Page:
Because 95% of exploits are in third party code and Apple fails miserably on this aspect of computer security.

    Security has to come from the top down, not the bottom up.

    If your running as admin and/or installed apps using your admin password, your a complete and utter fool.

    Set up another admin user, log out and into that new admin user. Set the old admin user as a regular user.

    It’s not good enought to protect against flaws in thrid party code that you installed using your admin password, but it should help keep your box more secure.

    Don’t use software that demands admin passwords to install.

  5. > YES BUT, most all of the malware writers are in areas of the world where they either can’t get or can afford a Mac.

    Nonsense. Windows gets hacked because Windows is easy to hack. Even if you could hack into Mac OS X, the exploit would not result the type of access to the Mac that is worth the effort. With Windows, a hack gives you “ownership” of the computer and turns it into a ‘bot. Even if Mac OS X market share was equal to Windows market share, hackers would go after Windows. And there are plenty of hackers all over the world.

  6. Grain. Of. Salt.

    PS: 10.4.10 = 10.4.1
    The addition of a zero after a number after a point is meaningless.

    10.4.1
    Already been done.

    Actually, a second decimal point in a number is meaningless too. Because 10.4.10, 10.4.1, 10.3.8, 9.2.2 etc. are not actually numbers. They’re labels. The latest update could just as easily be “J.D.J” or “X.IV.X” or “blorg.snurgle.wheem”. ” width=”19″ height=”19″ alt=”smile” style=”border:0;” />

  7. Nonsense. Windows gets hacked because Windows is easy to hack.

    Funny, records show that Mac OS X has had more exploits recently than Windows.

    Even if you could hack into Mac OS X, the exploit would not result the type of access to the Mac that is worth the effort.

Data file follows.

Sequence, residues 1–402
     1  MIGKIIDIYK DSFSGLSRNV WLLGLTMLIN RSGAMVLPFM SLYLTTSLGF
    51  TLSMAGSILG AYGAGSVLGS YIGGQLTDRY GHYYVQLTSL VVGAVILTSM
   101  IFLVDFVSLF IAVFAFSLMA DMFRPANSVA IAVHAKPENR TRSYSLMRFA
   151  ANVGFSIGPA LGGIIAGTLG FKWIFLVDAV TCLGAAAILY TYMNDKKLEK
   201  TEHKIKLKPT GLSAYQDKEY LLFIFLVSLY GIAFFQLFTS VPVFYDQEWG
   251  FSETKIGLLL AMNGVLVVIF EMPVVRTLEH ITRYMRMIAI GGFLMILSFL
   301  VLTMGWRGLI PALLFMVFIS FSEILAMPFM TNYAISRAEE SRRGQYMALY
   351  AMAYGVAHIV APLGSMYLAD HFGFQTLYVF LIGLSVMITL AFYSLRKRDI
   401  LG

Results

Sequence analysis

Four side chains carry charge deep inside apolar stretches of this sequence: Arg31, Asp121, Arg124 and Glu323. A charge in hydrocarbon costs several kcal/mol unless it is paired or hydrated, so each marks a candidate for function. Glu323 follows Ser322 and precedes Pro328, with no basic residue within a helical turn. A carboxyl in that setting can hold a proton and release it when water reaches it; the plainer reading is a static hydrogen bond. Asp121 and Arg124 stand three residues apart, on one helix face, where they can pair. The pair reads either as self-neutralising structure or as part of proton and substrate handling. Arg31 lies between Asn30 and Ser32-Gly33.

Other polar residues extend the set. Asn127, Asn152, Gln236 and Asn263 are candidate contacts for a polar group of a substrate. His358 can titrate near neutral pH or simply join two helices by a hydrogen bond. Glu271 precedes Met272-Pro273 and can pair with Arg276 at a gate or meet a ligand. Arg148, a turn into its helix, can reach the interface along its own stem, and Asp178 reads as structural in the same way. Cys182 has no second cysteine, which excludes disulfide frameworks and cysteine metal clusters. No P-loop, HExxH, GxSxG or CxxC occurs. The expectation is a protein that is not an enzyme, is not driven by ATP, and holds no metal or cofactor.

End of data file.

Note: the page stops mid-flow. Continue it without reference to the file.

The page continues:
Apparantly you haven’t been tracking how severe Mac OS X’s exploit potential has been.

    With Windows, a hack gives you “ownership” of the computer and turns it into a ‘bot.

    Ditto for Mac OS X, just takes a little longer depending on the exploit. For instance if I got only user, it would only be a matter of time before I got root.

    Have to enter that admin password sometime right?

    With a app exploit that has root level code, I’m in like flynn.

    Even if Mac OS X market share was equal to Windows market share, hackers would go after Windows. And there are plenty of hackers all over the world.

    If Mac OS X, in it’s present form, exactly switched places with Windows. Meaning if it was seperated from hardware and pirated all ove the world like Windows is, Mac OS X would be even more insecure than Windows is now.

    Why?

    Because Windows is now hardened and Mac OS X is not.

    Mac OS X exploit potentials have been increasing while Windows has been decreasing.

    Don’t take my word for it. See the truth for yourself.

    http://blogs.technet.com/security/archive/2006/10/17/2006-january-through-september-vulnerability-trends.aspx

Reader Feedback

This site uses Akismet to reduce spam. Learn how your comment data is processed.